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speedy_w_beans

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About speedy_w_beans

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  1. Glad to hear the capacitor got things running again! If your compressor kicks on and off correctly per the thermostat's demand, then the contactor may not be necessary. The main ways a contactor could fail include: 1) The control input to the contactor's main coil doesn't work anymore, so the circuit stays open and the compressor doesn't run any more. The breaker wouldn't/shouldn't trip in this case since there's no major demand for power from your electrical panel. 2) The control input to the contactor is working, but the contacts themselves are shot and you're not getting power to the compressor. The breaker shouldn't trip with no power demand, although I'm not sure what would happen if only one of the two contacts was shot / open circuit. For sure the motor would look like an imbalanced load to the breaker/panel. 3) The control input to the contactor is working, but the contacts welded themselves together and now the compressor runs all the time even if the house is cool enough. The breaker shouldn't trip even if the compressor runs continuously, but the coils in your inside air handler / furnace will likely freeze over. If the breaker in your electrical panel is as old as the house and/or air conditioning unit, you might have a breaker that is getting weak. I have a circuit in my garage that can't reliably handle my air compressor even though the motor for the compressor is under the rating of the breaker. It seems to be a related to the initial transient or power surge when the motor first kicks on. I've jiggled the breaker off and on a few times and it will work, but sometimes the compressor pops the breaker unpredictably. I chalk it up to the inrush current of starting the motor combined with the 30-year old breaker in the panel. I should really get off my dupa and replace it. Explanation: https://everythingwhat.com/can-a-circuit-breaker-become-weak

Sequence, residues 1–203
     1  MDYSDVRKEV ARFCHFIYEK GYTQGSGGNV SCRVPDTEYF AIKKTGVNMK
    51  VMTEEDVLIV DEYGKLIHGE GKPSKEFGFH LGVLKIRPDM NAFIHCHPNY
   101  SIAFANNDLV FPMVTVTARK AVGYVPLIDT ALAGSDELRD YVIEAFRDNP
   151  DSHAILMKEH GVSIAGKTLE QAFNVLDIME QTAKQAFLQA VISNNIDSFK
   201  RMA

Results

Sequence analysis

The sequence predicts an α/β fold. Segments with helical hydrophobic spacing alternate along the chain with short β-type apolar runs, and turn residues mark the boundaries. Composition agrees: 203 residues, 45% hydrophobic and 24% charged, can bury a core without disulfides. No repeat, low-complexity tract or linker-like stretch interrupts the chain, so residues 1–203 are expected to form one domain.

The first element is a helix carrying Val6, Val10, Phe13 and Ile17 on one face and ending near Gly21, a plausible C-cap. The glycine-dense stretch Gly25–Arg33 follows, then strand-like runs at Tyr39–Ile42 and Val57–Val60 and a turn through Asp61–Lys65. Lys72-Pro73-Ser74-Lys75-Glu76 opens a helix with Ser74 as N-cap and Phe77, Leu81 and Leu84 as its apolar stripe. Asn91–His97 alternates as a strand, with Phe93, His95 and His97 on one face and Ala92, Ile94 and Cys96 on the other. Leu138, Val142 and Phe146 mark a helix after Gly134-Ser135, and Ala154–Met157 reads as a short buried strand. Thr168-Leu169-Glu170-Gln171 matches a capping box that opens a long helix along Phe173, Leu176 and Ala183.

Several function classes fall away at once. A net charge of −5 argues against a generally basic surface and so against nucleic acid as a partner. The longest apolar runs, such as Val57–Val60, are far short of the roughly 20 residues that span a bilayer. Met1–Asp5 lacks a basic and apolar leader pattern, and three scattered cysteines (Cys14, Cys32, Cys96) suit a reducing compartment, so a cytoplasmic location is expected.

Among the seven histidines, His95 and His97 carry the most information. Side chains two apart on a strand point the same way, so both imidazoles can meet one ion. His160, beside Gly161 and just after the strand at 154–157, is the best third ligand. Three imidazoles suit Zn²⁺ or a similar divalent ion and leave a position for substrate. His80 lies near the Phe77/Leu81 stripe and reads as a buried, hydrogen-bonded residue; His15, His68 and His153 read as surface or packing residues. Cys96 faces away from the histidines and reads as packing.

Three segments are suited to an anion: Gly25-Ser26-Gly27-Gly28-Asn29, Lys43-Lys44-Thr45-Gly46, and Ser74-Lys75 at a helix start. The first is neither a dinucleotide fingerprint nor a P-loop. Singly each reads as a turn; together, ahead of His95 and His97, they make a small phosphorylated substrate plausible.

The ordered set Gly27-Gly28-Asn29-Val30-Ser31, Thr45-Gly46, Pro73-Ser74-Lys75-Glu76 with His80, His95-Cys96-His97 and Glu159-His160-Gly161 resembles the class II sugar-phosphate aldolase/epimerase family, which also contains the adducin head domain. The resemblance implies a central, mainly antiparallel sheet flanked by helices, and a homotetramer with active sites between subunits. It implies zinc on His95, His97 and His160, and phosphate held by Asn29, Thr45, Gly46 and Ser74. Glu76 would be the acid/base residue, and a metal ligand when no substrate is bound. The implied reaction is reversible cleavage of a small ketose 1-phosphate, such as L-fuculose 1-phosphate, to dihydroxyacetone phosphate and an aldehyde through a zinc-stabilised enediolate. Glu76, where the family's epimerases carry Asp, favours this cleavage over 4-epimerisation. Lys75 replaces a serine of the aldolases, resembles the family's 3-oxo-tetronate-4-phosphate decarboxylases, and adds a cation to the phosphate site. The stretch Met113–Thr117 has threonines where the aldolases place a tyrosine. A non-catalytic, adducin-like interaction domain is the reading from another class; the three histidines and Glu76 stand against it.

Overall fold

2. If you have shut down the breaker at the electrical panel and pulled the exterior disconnect out of its socket, and you are still getting some buzzing at the unit, I would be super-careful about an electrical fault somewhere before touching anything. Nothing in that unit should be energized or buzzing when all power is cut off. Use a meter to confirm nothing has power on it before touching it. (Edit: Did you shut off the breaker for the inside unit as well? The controller in the inside unit controls the contactor in the outside unit...) The capacitor is used for starting the motors; certain types of motors have an additional winding in them that "lead" the other main windings a little bit. When power is first applied to the motors, the capacitor provides power to the lead winding slightly in advance of the main windings so the motor has a direction to turn. These motors are different from the brushed/brushless motors used in our RC cars. A good explanation: https://eepower.com/capacitor-guide/applications/motor-starting-capacitor/# The contactor assembly that you highlighted in red can be opened, and the contacts can be inspected. I had one of these units semi-weld the contacts together due to old age, so it had to be replaced. The outside unit was running all the time even though the inside thermostat wasn't calling for any cooling, so as a result the coils inside the attic air handler froze. The system expects house airflow to add heat into those coils; when it's not there, there's nothing stopping the coils from freezing. The other possibility is that your contactor is corroded and won't switch power on at all, in which case your house will circulate air but the outside compressor won't run. Most importantly, be absolutely sure the power is completely absent before touching anything!!! Use a meter to check it all! (Edit: Power to both the inside unit and outside units should be off!) If your contactor looks good and you replace the starter capacitor and there's still no success, but you hear buzzing coming from the compressor motor itself, it's likely the compressor is frozen and then you're looking at replacement. In my case my whole system was 20 years old, so it was time to just replace everything indoor and outside. It was thousands of dollars at that point to replace the system. The other concern you might have since you haven't used the system in 8 years is the re****erant level could be low. I imagine the system is probably even older than 8 years. Average consumers/citizens can't get access to the ozone-affecting re****erant needed to charge the system; you have to be a licensed HVAC person to handle that material. I hope your contactor is good, a new capacitor works, and you have sufficient re****erant! Otherwise there is not much else you can do and it will likely be a service call since the technician will have additional gauges and re****erant on hand. The joys of troubleshooting and repair...